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FIFA-AIFF football development program in seven Indian states

By Norma Godinho
Last updated on: July 27, 2015 16:45 IST
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Dr Shaji Prabhakaran (left), Regional Development Officer for FIFA in South and Central Asia, and WIFA Chief Executive Officer Henry Menezes interact with media persons during AIFF Strategic Plan programme for the development of football at the Cooperage ground in Mumbai.

India has been termed the sleeping giant of world football by FIFA (Federation Internationale de Football Association) president Sepp Blatter, and to awaken the dormant potential of the region, the international football association has launched a new program in partnership with the football associations of seven Indian states.

FIFA and All India Football Federation delegates, who were in Mumbai for AIFF Strategic Plan, a program for the development of football in the states, concluded their visit with an interaction with the media at the Cooperage ground in Mumbai on Sunday.

As part of this one-year agenda, Maharashtra, Kerala, Mizoram, Goa, Delhi, Assam and Bengal have been shortlisted by the AIFF to receive financial as well as technical assistance.

Dr Shaji Prabhakaran, FIFA's regional development officer (South and Central Asia), said on Sunday that he is on a fact-finding mission to understand the problems that plague Indian football, and to deal with the issues, a technical officer will be appointed in each of these seven states to ensure results at the end of the program.

Prabhakaran stressed that in the last three days since he was in Mumbai, he has taken feedback from ex-players, coaches, referees to get an idea of the woes of Maharashtra football that is run by the Western India Football Association, headed by former India goalkeeper Henry Menezes.

People who follow Indian football, particularly in the state of Maharashtra, are aware of the popularity and following the game has in Mumbai and in small towns like Kolhapur and Sholapur.

Then why is football yet to catch up despite the popularity? What is it that is stopping the game from growing?

Prabhakaran took to the media to get answers to these burning questions. The media-briefing saw a role-reversal of sorts as journalists made no bones about the endless troubles of Maharashtra's football. From poor grass-roots programs to abysmal officiating by referees and unplayable ground conditions and the absence of league competitions, Prabahakaran was given a wide view of issues.

The AIFF will also appoint two officials -- technical officer and director of operation and management -- in each association to oversee of the project.

If Maharashtra is unable to deliver results within the deadline, the AIFF will then select some other state so that they have the opportunity to improve and develop.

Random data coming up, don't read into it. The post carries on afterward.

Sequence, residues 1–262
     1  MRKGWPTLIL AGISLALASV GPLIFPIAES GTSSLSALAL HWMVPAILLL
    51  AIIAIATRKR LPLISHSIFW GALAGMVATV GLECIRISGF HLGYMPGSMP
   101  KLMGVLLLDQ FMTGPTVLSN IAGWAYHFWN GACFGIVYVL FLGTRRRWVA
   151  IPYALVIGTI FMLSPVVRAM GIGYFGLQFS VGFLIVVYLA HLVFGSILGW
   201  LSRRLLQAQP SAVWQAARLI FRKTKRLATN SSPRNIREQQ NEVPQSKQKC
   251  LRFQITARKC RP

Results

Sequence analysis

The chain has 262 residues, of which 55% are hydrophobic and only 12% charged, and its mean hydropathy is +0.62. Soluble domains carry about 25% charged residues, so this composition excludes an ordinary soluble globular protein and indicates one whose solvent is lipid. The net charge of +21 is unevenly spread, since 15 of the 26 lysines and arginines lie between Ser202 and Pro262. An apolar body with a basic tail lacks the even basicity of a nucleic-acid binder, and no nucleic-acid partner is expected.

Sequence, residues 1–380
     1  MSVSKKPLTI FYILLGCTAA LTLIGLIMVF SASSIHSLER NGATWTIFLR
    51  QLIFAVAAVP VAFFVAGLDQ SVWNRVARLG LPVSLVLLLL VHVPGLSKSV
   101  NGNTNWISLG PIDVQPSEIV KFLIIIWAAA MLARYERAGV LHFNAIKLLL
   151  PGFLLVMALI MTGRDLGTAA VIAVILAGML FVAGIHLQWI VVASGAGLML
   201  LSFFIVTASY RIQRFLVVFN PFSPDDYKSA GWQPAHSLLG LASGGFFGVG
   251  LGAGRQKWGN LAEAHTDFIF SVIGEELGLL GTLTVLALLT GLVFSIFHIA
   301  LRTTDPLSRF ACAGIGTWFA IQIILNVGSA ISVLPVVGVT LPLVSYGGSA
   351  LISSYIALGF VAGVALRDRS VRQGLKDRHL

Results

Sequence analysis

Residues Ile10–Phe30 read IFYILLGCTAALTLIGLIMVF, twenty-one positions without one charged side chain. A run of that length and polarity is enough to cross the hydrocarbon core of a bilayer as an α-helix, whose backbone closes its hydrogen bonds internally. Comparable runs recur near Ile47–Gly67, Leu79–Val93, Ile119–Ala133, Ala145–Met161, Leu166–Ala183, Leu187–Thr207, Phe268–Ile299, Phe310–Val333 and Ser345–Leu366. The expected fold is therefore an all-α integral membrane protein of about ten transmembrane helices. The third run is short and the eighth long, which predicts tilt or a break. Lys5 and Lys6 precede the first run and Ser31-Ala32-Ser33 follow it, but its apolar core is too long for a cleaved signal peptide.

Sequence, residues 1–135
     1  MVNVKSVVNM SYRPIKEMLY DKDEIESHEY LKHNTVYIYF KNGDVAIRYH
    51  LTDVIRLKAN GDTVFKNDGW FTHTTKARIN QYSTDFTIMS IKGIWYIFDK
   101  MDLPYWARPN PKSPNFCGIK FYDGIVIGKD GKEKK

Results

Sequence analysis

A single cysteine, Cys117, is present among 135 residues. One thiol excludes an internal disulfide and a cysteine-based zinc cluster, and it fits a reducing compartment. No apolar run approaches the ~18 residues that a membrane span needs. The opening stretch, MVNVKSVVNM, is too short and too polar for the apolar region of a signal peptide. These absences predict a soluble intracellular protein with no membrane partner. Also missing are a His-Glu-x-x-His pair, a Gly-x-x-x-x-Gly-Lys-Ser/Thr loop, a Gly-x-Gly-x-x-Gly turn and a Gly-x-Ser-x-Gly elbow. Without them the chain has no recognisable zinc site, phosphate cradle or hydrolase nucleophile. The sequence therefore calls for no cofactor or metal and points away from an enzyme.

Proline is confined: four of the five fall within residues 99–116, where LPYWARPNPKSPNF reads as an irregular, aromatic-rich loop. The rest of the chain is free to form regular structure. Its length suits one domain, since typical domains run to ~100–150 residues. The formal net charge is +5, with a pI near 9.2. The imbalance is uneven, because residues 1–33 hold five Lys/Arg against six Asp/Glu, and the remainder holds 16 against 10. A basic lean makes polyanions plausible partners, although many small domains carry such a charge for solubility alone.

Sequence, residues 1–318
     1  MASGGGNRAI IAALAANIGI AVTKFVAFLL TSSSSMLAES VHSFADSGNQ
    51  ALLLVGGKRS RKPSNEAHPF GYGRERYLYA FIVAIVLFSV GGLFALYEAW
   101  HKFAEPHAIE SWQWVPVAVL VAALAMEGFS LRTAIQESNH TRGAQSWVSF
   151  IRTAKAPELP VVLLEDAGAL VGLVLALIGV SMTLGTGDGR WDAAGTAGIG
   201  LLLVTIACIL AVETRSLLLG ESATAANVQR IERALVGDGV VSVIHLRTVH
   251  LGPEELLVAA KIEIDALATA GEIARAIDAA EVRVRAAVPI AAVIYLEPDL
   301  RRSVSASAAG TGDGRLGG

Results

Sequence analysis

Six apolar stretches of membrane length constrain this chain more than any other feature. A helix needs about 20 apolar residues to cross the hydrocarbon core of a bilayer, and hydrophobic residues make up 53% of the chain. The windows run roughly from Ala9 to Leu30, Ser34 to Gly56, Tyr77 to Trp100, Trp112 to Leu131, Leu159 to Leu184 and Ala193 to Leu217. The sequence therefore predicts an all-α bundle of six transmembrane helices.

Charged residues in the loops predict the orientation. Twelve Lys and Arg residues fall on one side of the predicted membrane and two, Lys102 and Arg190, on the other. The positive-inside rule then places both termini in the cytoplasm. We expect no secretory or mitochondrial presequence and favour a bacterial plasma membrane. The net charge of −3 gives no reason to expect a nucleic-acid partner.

Prabhakaran also said the program will be withdrawn if the appointed technical director fails to show results.

"FIFA will fund the program for one full year. Once a technical director is appointed (sometime in September/October) he will have to come out with an action plan by January 2016. If we see the program implemented poorly by March, we will withdraw support. It is up to the All India Football Federation to take the initiative forward," he said.

During their stay in Mumbai the delegates held meetings with all stake-holders, including government officials, clubs officials, former international and national players, visited some football facilities and finally had a discussion with the media.

Prabhakaran was of the belief that the government needs to play a proactive role in promoting football.

"It's the responsibility of the local authorities and the government to promote the sport. But, unfortunately, the government is still not serious about creating or giving an environment for children to play football," he said.

However, stoutly defending the work done by WIFA, Menezes said: "In Kolhapur, Solapur and other pockets the game is popular. These places have not been stakeholders (in the I-League). We have not put a structure to it. But in a state like Maharashtra, the logistics are huge. Even then we are marketing the game and creating properties.

"We have also tied up with portals to give instant results and Soccer Track is an app that gives results, red cards, etc. But we are struggling for finance," said Menezes.

He was of the view that WIFA has the tag of FIFA and AIFF to make the game bigger in the state.

"With the support of FIFA and AIFF we will have the expertise and a monitoring system in place. The perception of the state association will change for the good."

Prabhakaran also revealed that he met with Shiv Sena Youth wing leader Aditya Thackeray who has proposed to make Mumbai’s Andheri Sports Complex an international stadium.

"We have given him the regulations for an international stadium. He told us that by September 2016 the stadium will be ready," the FIFA representative revealed.

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Norma Godinho

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